Today is a sad day for off-roading enthusiasts and Land Rover mechanics with boat payments. Land Rover has confirmed that it will be putting the Defender out to pasture in 2015.
A Land Rover spokesman has confirmed that the British brand will be ending production of one of the world’s most iconic off-roaders after a 67-year run.
The Defender nameplate was first unveiled in 1983. Before that, since 1948, the breed was referred to as the Land Rover Series.
Why the discontinuation of the Defender? Land Rover claims pressures of increased global emissions regulations forced the end of the boxy Brit. Not even an EV variant could save the old boy. Delightfully, though, a likeminded model will be succeeding it in a few years. If you’re worried it’ll be the DC100 concept; don’t. Land Rover admitted it’s sent that sucker to the scrap heap.
“A replacement vehicle will join the Land Rover range, but the Defender in its current format is coming to an end,” the spokesman said in an interview with Automotive Business Review.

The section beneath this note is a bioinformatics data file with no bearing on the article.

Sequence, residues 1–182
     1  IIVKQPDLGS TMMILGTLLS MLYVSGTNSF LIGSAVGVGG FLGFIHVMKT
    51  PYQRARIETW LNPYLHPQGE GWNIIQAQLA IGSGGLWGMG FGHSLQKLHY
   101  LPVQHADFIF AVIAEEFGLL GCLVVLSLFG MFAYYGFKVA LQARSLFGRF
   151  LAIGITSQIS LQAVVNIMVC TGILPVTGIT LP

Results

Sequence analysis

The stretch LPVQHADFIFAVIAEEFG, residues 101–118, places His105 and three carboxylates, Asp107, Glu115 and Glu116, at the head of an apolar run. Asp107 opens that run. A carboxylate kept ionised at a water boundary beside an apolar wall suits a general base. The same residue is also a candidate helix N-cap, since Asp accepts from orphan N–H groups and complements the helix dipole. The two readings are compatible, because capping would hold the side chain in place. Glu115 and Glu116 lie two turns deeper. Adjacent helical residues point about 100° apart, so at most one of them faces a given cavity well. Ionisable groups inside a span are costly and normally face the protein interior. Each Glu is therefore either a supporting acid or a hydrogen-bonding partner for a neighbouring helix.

The Defender hasn’t been available in the U.S. since 1998, as Land Rover refused to update the truck to meet more stringent safety regulations. Despite its limited numbers in the States, the Defender has enjoyed a superstar-like status for both owners and Land Rover repair shops.
The Defender was V8-powered here in America, despite most of the rest of the planet seeing diesel-powered versions. The Rover V8 under the hood of the Defender had its own intriguing, drawn-out life. It started life as a 3.5-liter Buick V8 in 1960 and made its way over to England where it would slowly transform over many decades into 5.0-liter under TVR’s tutelage when it was finally ended in 2006.
I’ll be sad to see the Defender go. I long had dreams of importing a newer Defender to the U.S. – perhaps even the Defender EV. Now, I won’t get that chance. I guess I’ll just have to stick to my trusty Land Cruiser instead.